by Raj Nath Bhat
Book: A Dictionary of Kashmiri Proverbs
Author: Omkar N Koul
Publishers: Indian Institute of Language Studies, Delhi
Pages: vii+ 178
Price: Rs. 400.00
Dictionary of Kashmiri Proverbs is the latest addition to Professor Omkar N. Koul’svery long list of publications on Kashmiri. The ‘Dictionary’ has nearly one thousand two hundred entries of proverbs and sayings used in day-to-day speech and literary writings. The author has compiled the present edition primarily for the benefit of the displaced Kashmiris who do not have any exposure to nastaliq script. Its first edition done in 1992 employed nastaliq script. The dictionary makes entries of proverbs/sayings in Devanagri-Kashmiri also (courtesy: M.K.Raina) and gives its gloss/literal translation and possible equivalents or explanations in English. The preface to the book lists some of the famous definitions of proverbs and the author states therein that most of the Kashmiri proverbs are based upon or direct quotes from poetic compositions of famous saint-poets like Lalleshwari and Sheikh Noorudin/Nund Rishi. A significant chunk is derived from Sanskrit and Perso-Arabic sources and the latter have a noticeable religious/ cultural import.
Unlike many other languages Kashmiri proverbs are long and many are in a dialogic-question answer style. The author opines that there are three broad types of proverbs in Kashmiri: i) simple statements, ii) Conjoined phrases, and iii) proverbs in dialogic mode. I shall give some instances here: namee daanam chuyrahate-jaanam "ignorance is the peace of mind/body/life". It is a simple statement, possibly from Turkish sources. draag tsali tI daag tsali nI"Famine will go away/disappear but not the stigma"; is an instance of the second type. Paadshah sEEb gur nIkhevaan zab, yeli nI peyas teli kheyi rab'Oh King! The horse does not eat zab-(a thick grass that grows in water borne ponds around paddy fields), he will eat mud when nothing is given him to eat’- an instance of the third type which means that a hungry person/animal eats anything. (This proverb has not been included in the Dictionary). There are instances where two proverbs contradict each other in content. Professor Koul comments that not all proverbs should be taken as words of wisdom.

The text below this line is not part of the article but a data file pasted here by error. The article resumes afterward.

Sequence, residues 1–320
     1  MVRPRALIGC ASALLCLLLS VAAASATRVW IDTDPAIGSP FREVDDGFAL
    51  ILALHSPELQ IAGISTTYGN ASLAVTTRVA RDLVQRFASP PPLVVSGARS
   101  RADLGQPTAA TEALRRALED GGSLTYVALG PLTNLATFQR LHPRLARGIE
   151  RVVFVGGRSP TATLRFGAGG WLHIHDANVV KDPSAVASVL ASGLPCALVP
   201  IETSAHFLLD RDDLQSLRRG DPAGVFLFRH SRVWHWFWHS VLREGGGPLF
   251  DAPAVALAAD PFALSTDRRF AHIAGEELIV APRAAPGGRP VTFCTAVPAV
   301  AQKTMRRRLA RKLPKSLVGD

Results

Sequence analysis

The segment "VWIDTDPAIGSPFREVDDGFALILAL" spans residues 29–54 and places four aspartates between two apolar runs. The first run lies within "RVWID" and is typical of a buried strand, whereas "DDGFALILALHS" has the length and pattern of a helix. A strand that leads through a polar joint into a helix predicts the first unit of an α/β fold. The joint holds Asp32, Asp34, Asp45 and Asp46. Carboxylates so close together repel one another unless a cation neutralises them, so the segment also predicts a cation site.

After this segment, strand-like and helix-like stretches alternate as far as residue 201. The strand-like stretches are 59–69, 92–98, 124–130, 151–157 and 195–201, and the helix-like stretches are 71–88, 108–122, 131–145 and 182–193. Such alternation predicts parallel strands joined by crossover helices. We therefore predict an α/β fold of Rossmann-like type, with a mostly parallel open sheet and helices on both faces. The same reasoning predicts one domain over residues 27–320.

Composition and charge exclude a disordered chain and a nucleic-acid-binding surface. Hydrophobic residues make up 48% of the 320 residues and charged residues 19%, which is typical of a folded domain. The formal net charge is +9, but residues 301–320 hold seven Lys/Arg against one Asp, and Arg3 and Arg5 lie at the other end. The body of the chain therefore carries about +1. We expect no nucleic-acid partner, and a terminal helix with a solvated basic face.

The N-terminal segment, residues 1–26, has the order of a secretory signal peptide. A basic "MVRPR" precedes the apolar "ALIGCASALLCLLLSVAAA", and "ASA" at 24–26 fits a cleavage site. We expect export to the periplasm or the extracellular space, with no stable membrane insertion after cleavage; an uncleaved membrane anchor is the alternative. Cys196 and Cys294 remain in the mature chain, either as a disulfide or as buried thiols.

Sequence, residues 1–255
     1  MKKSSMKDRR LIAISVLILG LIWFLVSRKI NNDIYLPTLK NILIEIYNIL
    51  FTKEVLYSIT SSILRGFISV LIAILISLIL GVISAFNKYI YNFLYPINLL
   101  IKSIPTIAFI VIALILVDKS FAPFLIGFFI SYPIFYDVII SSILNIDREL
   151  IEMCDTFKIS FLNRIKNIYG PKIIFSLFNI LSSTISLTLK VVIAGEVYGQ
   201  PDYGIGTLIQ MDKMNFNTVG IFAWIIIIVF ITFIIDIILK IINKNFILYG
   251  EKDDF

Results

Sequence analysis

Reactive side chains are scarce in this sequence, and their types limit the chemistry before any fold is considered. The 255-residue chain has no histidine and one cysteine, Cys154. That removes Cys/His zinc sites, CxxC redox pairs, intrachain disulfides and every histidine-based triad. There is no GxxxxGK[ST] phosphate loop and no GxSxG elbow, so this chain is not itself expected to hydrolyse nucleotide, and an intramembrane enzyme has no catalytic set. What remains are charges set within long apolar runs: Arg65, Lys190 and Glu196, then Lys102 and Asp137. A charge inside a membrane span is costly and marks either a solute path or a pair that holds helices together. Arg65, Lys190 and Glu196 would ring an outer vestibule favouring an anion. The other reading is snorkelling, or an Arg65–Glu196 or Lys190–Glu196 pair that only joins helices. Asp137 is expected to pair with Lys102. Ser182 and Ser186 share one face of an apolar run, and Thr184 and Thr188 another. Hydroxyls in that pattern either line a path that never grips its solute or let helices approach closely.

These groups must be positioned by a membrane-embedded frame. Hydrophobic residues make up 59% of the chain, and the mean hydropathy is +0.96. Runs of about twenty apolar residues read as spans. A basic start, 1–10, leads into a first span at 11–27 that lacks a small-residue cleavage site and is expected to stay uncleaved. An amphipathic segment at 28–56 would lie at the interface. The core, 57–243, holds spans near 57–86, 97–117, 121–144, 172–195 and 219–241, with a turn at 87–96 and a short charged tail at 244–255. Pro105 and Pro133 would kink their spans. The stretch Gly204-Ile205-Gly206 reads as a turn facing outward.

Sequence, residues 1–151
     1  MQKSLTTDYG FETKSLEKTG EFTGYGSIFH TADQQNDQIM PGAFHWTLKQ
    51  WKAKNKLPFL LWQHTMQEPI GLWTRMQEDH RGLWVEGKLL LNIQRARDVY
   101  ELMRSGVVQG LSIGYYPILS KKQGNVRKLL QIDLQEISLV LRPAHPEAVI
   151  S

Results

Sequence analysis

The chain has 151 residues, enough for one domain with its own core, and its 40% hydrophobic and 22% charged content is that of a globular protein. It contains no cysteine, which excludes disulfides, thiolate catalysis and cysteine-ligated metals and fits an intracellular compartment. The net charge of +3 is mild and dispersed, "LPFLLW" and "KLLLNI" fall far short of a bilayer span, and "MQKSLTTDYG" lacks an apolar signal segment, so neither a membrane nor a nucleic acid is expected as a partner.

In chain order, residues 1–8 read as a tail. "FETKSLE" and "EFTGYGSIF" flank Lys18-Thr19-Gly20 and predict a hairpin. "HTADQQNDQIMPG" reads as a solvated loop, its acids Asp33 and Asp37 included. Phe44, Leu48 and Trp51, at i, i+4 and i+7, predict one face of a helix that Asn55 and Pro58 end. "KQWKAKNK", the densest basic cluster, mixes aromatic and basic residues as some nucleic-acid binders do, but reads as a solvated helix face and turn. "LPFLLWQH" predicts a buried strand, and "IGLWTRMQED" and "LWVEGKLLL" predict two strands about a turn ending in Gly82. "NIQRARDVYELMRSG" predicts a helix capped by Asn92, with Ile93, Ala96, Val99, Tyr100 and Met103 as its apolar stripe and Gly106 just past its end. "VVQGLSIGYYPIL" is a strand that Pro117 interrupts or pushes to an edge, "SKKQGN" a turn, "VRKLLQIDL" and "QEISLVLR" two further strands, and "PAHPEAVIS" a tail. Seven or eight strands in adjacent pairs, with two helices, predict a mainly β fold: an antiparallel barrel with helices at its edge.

The author states that the proverbs listed in the Dictionary have been collected from both primary, i.e. native speech, and secondary sources, i.e. extant texts that have employed or listed proverbs. The proverbs have been arranged in an alphabetical order according to the Kashmiri/Indian system beginning with vowels I to o and followed by consonants k to h. The book is a valuable edition to literature on Kashmiri language and a welcome volume for us who fondly wish to learn more and more about our ancestors’ wisdom and experiences.
(Author is Head, Deptt. of Linguistics, Banaras Hindu University)
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